• Remove metallic elements from the lumber before planing

You can find other safety tips that can help your working space be as free of accidents as possible on the manufacturer’s instructions. These are model-specific tips that can help you cut lumber without risking injuries.

What is the cutting angle of an electric planer?

The cutting angle of an electric planer commonly lies between 45 to 60 degrees, although this can vary depending on the make and model of the tool. This angle is the orientation of the cutting blade relative to the workpiece.

A lower angle is preferable for softwoods while a higher angle performs better with hardwoods. Check the user manual for precise specifications for your particular model.

How can I avoid uneven cuts or cracks while using a planer machine?

You can avoid uneven cuts or cracks while using a planer machine by considering a few factors. Firstly, adjusting the cutting depth to a lower setting is recommended for most surfaces, especially for achieving a smooth finish.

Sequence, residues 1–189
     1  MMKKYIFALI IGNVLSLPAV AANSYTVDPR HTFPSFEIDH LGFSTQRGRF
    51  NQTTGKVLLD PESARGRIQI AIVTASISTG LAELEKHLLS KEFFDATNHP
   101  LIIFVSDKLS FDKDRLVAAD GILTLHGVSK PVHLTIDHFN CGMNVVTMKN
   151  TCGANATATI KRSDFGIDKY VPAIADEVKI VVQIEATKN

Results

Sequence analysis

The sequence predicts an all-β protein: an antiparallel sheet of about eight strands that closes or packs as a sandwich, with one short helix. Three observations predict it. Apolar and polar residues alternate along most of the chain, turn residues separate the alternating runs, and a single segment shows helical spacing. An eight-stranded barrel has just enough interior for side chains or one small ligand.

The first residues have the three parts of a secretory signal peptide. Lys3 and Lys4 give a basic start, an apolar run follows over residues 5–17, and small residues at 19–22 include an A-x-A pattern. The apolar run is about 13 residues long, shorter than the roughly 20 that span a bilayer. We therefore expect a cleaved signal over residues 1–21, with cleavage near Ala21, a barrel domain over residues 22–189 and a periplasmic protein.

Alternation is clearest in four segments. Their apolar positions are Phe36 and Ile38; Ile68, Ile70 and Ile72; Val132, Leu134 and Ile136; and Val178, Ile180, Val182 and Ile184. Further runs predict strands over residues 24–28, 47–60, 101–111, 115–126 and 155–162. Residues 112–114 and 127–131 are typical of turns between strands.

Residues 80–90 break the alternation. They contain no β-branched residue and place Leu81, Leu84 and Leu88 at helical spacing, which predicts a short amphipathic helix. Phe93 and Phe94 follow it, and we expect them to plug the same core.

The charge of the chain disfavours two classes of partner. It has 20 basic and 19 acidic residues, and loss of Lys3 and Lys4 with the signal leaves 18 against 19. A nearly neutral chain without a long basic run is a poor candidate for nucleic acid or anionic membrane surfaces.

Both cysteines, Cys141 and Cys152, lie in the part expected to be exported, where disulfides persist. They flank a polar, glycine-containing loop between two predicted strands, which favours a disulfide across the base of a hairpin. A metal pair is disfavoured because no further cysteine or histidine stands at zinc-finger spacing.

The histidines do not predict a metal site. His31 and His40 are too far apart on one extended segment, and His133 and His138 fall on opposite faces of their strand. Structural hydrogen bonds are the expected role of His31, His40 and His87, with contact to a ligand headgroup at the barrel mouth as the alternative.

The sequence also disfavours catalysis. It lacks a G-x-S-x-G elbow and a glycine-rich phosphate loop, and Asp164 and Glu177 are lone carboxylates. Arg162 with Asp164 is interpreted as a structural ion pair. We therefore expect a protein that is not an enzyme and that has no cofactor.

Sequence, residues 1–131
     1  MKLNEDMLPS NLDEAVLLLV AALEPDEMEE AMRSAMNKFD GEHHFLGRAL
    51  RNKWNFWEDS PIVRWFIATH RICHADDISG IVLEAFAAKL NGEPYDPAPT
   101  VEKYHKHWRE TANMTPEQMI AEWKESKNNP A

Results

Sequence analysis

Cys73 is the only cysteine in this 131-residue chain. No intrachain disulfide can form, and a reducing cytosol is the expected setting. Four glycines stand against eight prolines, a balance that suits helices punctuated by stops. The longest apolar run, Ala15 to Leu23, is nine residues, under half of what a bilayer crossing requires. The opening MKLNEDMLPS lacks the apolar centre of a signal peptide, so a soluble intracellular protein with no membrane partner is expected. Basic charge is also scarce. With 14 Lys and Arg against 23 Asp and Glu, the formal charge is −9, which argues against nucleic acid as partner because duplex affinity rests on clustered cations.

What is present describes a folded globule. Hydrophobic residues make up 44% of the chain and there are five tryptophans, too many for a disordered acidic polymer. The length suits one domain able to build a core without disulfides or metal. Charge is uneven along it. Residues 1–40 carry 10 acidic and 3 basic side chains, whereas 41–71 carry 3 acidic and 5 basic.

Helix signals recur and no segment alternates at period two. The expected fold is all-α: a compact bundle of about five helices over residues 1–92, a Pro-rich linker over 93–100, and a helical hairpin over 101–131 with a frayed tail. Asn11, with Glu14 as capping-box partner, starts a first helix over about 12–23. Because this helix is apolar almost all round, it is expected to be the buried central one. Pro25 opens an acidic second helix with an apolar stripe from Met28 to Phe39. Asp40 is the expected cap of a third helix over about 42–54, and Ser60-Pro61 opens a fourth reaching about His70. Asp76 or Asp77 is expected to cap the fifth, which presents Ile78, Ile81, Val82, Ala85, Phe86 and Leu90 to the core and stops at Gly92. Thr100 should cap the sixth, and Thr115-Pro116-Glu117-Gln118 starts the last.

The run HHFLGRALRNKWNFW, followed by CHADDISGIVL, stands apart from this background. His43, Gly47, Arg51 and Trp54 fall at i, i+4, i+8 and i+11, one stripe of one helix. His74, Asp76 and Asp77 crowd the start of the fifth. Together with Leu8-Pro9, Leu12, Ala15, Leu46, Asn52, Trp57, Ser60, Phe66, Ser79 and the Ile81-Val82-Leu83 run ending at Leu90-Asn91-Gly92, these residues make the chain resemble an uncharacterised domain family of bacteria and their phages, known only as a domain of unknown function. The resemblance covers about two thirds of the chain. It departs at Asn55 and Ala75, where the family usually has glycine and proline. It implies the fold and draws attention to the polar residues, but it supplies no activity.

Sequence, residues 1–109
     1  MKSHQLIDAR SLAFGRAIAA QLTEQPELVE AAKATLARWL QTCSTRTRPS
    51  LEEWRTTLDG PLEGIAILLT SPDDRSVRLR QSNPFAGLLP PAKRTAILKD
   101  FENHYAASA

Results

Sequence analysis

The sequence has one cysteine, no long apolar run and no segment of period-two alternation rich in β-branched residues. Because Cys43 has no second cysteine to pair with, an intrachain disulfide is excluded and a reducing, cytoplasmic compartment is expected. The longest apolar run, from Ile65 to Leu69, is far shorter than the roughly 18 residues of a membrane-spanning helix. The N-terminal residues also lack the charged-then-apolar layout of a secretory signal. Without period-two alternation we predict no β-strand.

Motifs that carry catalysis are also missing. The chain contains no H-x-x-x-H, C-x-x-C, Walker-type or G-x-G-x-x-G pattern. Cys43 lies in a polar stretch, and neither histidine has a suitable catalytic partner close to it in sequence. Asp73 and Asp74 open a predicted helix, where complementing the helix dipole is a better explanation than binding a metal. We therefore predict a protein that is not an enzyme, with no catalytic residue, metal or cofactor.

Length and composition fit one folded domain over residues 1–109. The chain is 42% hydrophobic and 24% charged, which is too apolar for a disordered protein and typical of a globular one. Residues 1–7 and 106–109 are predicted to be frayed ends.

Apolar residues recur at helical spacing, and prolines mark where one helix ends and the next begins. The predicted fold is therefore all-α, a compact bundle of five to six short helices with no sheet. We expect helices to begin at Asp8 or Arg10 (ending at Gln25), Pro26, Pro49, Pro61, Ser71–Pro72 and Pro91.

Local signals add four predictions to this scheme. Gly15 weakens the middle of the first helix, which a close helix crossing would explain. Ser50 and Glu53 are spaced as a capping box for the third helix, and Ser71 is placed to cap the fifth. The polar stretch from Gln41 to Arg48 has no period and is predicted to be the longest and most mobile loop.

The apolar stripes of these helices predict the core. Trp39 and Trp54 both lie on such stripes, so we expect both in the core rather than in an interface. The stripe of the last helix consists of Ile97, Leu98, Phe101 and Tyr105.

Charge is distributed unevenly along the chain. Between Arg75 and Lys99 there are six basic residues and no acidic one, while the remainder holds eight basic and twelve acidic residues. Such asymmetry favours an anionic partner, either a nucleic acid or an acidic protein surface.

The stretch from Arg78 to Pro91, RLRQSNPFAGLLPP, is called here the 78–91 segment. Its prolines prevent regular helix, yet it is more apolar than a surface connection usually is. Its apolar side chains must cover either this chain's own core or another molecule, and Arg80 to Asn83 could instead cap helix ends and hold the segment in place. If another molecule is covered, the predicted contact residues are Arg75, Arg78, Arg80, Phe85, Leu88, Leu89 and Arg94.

Secondly, be mindful of the pressure applied against the wood and ensure it is low and applied towards the front of the plane, while also moving in the direction of the wood grain.

Lastly, regularly check the condition of the planer blades and replace or sharpen them as needed to ensure optimal performance.

Adjusting an electric planer is a fairly straightforward process. With some vigilance and a little elbow grease, you can have the planer ready to work within a few minutes. 

Of course, it’s worth mentioning that prioritizing your safety is the most important thing in the process. It’s always risky to work with dull or chipped blades, after all. Drawing from experience, a few safety precautions and operation tips can go a long way in keeping you and your planer safe from any mishaps. 

If you run into any issues with the planner, you needn’t panic. The solutions to many troubles with these tools are usually fairly simple to DIY-solve, so keep calm and get to troubleshooting!